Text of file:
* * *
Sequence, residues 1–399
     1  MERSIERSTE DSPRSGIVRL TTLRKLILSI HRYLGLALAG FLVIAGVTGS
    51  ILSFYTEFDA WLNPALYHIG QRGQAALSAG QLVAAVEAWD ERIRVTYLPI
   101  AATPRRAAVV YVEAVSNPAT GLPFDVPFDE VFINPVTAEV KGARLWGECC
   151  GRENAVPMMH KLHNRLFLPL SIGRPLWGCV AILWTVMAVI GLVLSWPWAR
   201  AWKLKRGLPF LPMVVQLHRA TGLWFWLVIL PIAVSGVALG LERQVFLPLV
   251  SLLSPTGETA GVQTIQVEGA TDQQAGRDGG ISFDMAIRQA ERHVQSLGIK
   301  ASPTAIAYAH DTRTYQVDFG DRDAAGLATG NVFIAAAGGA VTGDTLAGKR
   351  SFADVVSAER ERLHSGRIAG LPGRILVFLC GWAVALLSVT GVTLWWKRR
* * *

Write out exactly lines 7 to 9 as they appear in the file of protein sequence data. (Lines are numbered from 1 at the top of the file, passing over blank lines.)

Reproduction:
   251  SLLSPTGETA GVQTIQVEGA TDQQAGRDGG ISFDMAIRQA ERHVQSLGIK
   301  ASPTAIAYAH DTRTYQVDFG DRDAAGLATG NVFIAAAGGA VTGDTLAGKR
   351  SFADVVSAER ERLHSGRIAG LPGRILVFLC GWAVALLSVT GVTLWWKRR